I can’t believe Geras would seriously frame the issue this way, as if ‘responsibility’ is some fixed quantity to be allocated between all the agents on whose decsions an event was contingent. If I advise someone to walk at night through a park that I know is notorious for muggings, I’m responsible for the ensuing assault. The degree to which the muggers are at fault is entirely independent, and in no way reduced if I accept my own culpability.

  7. Paul Matthew
    November 30th, 2004 at 09:50 | #7

    I can’t help thinking that everyone is missing the main point. The Iraqi ‘insurgency’ is not the equivalent of Dresden or Nagasaki or Hiroshima. It is not some entirely out of the ordinary atrocity. It is simply people fighting back with the weapons at hand. It was entirely foreseeable.

    The claim that the coalition forces are not responsible for the current state of Iraq is equivalent to the claim that Hitler was not responsible for the everyday acts of brutality of his armies in France, Russia etc. Obvious total nonsense.

  8. Phoenician in a time of Romans
    November 30th, 2004 at 11:10 | #8

    “Insurgency” is defined as armed rebellion against legitimate authority.

    Anyone using the term should be prepared to explain to the world why the Iraqis should consider the US, who illegally invaded, or their carpetbagging puppets to be a legitimate Iraqi government.

  9. November 30th, 2004 at 21:52 | #9

    No, insurgency is not defined as “armed rebellion against legitimate authority”. It just means “uprising”, a general gathering of forces that is not operated by the state. It can also be used by the state, it’s just that that has fallen into disuse in recent centuries, leaving only non-state forces – illegitimate or otherwise – using it. But the “general insurrection” was the standard method of calling Hungarians into the field, back when Hungary was debated territory between the legitimate power and the Turks, and of course “raising the King’s standard” was used by legitimate forces at the outbreak of the Civil War (at Nottingham), and also by the legitimate authorities when the American Colonists revolted (since the rebels controlled the area).

    It’s “rebel” that’s the term that this criticism should be directed at, not so much from the Iraqis not revolting against legitimate authority as from their not having made any commitment to it (legitimate or otherwise), a concept that does not intersect issues of states at all and indeed applied in feudal times. And we should remember that “legitimate” is itself a technical term, only tenuously connected to concepts of right and wrong; it’s covered rather well in Kissinger’s introduction to one of his books, though I’m afraid I don’t recall which one off hand. Perhaps some reader can remind me.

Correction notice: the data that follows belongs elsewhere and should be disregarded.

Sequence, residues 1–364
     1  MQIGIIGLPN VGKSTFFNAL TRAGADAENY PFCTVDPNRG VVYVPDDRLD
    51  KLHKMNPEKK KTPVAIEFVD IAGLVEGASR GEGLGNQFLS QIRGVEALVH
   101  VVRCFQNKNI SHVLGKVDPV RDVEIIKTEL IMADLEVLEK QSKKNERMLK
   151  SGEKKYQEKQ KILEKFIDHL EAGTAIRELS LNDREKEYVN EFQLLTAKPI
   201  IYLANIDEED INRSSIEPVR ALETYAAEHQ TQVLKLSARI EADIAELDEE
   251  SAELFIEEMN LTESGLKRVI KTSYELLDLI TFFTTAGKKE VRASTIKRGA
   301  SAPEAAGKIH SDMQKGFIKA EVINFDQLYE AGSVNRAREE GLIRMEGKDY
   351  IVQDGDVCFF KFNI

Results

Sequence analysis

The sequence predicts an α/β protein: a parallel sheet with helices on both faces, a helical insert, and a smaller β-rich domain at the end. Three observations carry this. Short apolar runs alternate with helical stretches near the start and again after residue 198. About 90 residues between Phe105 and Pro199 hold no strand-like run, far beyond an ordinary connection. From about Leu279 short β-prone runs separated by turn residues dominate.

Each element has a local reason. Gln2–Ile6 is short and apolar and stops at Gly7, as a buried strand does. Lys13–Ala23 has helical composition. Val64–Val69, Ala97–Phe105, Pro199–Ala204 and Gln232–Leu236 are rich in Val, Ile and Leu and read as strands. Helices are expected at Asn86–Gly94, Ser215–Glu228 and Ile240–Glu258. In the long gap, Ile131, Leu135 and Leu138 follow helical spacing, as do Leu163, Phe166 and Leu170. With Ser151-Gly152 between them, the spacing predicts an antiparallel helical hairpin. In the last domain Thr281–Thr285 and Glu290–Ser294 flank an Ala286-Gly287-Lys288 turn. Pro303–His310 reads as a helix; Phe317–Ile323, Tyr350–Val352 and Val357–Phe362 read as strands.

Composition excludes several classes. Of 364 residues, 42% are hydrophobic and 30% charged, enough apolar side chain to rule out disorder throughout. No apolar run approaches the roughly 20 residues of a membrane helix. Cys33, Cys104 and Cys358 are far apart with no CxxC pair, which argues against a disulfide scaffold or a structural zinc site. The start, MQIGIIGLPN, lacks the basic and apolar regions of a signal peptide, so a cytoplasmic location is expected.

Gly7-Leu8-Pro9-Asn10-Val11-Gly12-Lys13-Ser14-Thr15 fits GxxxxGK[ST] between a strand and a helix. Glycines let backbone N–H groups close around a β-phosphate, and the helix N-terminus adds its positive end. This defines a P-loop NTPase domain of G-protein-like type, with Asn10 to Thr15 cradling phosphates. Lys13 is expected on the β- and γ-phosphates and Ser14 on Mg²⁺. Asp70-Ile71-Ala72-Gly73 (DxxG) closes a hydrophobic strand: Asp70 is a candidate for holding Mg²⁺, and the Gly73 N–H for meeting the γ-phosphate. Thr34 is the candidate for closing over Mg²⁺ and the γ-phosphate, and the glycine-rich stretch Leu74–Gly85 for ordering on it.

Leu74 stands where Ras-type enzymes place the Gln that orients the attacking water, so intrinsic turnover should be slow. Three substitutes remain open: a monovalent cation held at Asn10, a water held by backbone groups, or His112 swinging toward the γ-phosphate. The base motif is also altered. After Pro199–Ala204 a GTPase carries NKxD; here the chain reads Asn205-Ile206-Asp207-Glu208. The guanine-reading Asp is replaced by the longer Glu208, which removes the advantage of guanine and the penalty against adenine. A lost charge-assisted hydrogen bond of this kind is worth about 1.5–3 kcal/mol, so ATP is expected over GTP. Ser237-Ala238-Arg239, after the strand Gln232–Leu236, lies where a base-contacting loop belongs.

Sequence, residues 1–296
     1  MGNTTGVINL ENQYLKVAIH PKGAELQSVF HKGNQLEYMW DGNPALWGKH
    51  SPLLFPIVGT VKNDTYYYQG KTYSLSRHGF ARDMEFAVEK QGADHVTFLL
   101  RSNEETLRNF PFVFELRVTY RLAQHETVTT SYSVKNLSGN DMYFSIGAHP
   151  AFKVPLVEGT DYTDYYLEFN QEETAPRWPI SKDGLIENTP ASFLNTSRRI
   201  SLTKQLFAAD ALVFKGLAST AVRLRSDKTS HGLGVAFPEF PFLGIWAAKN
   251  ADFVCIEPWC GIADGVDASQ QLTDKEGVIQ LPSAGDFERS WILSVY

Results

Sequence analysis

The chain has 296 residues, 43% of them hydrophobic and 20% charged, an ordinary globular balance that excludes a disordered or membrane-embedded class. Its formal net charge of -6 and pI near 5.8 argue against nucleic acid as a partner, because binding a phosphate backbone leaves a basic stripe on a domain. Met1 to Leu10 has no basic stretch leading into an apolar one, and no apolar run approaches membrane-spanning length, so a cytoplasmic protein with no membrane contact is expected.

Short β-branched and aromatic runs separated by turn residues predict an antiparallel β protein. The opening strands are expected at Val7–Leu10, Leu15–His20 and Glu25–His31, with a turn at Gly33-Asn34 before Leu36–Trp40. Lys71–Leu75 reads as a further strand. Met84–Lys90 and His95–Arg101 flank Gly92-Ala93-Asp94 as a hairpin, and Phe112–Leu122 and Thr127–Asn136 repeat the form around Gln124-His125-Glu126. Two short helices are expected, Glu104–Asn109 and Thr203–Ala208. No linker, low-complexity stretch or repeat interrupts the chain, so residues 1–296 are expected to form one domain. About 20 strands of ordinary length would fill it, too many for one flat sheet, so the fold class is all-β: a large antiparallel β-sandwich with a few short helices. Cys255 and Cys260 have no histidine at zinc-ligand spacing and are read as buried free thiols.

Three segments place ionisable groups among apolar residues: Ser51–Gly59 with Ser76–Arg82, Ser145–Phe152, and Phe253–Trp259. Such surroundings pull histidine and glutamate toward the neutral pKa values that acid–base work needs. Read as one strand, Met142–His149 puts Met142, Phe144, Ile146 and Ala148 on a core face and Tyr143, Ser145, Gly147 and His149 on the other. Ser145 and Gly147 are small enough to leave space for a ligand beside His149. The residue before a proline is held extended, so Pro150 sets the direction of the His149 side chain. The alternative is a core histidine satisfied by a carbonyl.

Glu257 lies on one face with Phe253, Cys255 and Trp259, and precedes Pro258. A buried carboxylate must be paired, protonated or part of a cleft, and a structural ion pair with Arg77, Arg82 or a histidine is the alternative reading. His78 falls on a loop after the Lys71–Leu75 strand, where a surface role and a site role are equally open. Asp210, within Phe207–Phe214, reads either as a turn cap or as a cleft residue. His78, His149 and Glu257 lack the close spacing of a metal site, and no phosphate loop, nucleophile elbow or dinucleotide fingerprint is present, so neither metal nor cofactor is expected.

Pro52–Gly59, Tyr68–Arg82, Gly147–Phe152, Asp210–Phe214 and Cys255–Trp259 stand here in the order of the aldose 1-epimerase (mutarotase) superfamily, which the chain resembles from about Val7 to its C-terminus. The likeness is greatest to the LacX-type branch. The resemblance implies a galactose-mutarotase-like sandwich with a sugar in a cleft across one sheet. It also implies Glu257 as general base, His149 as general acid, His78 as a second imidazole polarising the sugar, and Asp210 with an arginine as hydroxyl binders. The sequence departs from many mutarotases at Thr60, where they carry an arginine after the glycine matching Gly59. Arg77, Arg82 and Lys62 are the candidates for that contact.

10. Susan – USA
    December 1st, 2004 at 09:55 | #10

    Being a Quaker, and thereby following the teachings of Jesus, I believe all killing is wrong, always.

    no exceptions.

    The ones who start a war (and they all start with lies) is the one mainly responsible, but the resisters should use non-violent means to resist.

    Of course, it was easy to see (before this war started)that Iraq was a threat to no one, had no ties with al Qaeda, and installing freedom and democracy via bullets and bombs was insane.

    But the real reason I opposed the war was because I was convinced that the overall result of this war would be a one-way ticket to hell for the Iraqi people. And because it will lead to a regional war, if not a world war. The worst is yet to come. I knew Bush & company would totally mess up the after-war …. and that is because they don’t care one whit about the Iraqi people (they hardly care about Americans) and they are doing this war to make a big pile of money, and insure control of the area and the oil…. to continue to make a big pile of money.

    I do not believe, and have never believed that Bush follows the teachings of Jesus. Never!

    The book “The March of Folly” talks about other military adventures that were totally foolish… just like this war on Iraq.

    We lost this war in August 2003…. and the worst, by far, is yet to come.